Uses and Gratifications of the Internet and Library Information Resources: An Integrated Model Proposal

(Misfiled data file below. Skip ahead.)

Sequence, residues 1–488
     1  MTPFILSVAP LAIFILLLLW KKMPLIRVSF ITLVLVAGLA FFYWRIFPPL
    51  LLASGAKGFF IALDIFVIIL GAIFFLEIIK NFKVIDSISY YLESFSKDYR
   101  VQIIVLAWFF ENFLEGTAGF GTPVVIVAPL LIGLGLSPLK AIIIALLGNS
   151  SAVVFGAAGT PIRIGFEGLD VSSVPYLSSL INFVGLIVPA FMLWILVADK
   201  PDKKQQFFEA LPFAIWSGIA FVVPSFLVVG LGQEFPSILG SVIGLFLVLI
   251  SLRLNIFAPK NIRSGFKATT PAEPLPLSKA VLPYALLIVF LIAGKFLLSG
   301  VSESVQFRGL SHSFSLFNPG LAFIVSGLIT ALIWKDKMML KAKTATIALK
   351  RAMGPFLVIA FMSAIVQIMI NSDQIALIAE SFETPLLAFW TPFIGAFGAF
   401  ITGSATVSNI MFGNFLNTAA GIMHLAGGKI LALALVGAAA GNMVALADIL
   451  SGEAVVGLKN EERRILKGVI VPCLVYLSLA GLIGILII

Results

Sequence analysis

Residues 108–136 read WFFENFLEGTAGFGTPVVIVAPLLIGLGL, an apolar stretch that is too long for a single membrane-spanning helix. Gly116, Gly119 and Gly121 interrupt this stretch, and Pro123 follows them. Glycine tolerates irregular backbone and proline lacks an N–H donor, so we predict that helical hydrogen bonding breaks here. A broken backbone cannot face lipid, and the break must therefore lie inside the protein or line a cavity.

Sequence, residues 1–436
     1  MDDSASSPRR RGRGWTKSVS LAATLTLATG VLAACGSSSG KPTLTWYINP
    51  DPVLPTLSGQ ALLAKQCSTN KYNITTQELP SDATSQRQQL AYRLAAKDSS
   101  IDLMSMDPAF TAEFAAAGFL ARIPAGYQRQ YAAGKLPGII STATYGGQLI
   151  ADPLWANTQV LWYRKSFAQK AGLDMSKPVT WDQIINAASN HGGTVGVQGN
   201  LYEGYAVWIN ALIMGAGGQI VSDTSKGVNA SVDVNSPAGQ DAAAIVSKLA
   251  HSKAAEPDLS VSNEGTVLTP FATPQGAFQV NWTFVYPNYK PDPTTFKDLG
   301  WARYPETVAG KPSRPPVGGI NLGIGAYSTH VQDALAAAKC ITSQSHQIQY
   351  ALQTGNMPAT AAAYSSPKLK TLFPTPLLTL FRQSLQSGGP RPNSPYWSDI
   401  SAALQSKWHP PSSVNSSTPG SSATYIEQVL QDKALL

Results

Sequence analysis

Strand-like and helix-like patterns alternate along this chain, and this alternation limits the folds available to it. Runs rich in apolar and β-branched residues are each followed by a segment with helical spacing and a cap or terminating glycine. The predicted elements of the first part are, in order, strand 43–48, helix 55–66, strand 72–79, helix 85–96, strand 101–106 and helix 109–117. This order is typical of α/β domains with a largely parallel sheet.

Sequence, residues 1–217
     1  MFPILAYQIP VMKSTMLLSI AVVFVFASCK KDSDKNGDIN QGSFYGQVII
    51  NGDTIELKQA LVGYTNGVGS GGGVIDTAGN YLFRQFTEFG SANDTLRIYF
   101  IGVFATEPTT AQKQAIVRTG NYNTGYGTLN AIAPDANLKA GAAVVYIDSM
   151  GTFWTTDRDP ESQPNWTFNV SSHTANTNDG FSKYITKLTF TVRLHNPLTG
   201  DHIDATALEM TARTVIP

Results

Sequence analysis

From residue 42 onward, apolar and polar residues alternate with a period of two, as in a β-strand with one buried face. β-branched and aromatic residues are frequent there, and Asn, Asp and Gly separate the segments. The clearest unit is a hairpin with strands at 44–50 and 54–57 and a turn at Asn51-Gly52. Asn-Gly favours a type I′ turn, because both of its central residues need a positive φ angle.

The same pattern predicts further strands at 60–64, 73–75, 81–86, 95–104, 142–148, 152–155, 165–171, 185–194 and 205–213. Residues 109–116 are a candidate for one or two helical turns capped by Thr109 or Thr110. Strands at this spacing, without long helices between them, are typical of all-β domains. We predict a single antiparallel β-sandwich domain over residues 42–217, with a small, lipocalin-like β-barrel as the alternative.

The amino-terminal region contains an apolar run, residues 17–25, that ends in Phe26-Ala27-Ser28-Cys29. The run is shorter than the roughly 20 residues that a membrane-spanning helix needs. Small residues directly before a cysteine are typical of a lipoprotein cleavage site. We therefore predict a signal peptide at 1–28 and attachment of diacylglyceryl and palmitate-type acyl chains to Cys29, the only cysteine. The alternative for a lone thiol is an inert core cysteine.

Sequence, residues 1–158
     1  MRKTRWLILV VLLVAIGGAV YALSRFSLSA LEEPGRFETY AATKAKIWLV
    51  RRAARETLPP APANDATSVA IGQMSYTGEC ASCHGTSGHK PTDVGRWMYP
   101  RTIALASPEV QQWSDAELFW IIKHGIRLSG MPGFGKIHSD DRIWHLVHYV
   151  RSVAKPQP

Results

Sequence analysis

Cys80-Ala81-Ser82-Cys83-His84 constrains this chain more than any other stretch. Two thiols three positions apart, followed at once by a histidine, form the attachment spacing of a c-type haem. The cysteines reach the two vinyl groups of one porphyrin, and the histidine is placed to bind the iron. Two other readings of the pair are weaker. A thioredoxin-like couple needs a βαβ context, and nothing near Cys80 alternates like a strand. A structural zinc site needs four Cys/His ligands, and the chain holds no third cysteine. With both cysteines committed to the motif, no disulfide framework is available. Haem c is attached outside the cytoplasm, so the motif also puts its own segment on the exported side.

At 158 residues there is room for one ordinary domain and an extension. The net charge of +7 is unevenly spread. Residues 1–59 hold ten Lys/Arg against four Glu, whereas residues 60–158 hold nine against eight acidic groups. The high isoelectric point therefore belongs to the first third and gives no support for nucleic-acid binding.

This study sought to argue the assumptions of the uses and gratifications theory (UGT) in information media selection and use among iGenerations undergraduate students. One of the propositions of UGT is that audiences consciously interact with media with the determination to satisfy a number of information needs. Taking into perspective of the library and the Internet as information media, the limitations of UGT in illustrating the gratifications sought and gratifications obtained in the use of the Internet as well as the library as information media is highlighted. Empirical data were collected from undergraduate students who were mainly iGenerations at two universities in South Africa. Two media were evaluated: The Internet and the library. Although the Internet was the preferred media by the majority of the respondents, the purpose why undergraduate students predominantly use the Internet is not in sync with their primary information needs as students. Also, the Internet was not revealed to be an alternative media to the library although the library sometimes failed in meeting the information needs of users. The study concluded that the assumption that users seek out other media when gratifications obtained from media use does not equate gratifications sought, is not always correct. An integrated model for information media use supplemented by the expectation confirmation theory was therefore conceptualised to justify the preference in information media by iGeneration undergraduate students.
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